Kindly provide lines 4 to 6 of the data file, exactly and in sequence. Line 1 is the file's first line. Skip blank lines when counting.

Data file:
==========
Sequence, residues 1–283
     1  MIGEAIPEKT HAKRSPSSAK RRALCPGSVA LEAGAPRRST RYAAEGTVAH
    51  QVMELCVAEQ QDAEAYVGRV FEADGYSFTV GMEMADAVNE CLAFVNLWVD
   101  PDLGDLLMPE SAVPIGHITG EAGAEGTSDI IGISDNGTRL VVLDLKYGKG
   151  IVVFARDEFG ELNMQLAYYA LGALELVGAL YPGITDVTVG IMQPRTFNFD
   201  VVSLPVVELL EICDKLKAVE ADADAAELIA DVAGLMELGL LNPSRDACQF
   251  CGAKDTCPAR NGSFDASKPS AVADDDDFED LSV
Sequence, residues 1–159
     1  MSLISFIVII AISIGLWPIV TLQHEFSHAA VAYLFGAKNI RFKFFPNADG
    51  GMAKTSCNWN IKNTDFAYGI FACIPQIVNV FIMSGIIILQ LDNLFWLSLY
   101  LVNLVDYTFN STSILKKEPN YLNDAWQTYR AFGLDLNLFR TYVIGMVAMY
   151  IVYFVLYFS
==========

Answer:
   101  PDLGDLLMPE SAVPIGHITG EAGAEGTSDI IGISDNGTRL VVLDLKYGKG
   151  IVVFARDEFG ELNMQLAYYA LGALELVGAL YPGITDVTVG IMQPRTFNFD
   201  VVSLPVVELL EICDKLKAVE ADADAAELIA DVAGLMELGL LNPSRDACQF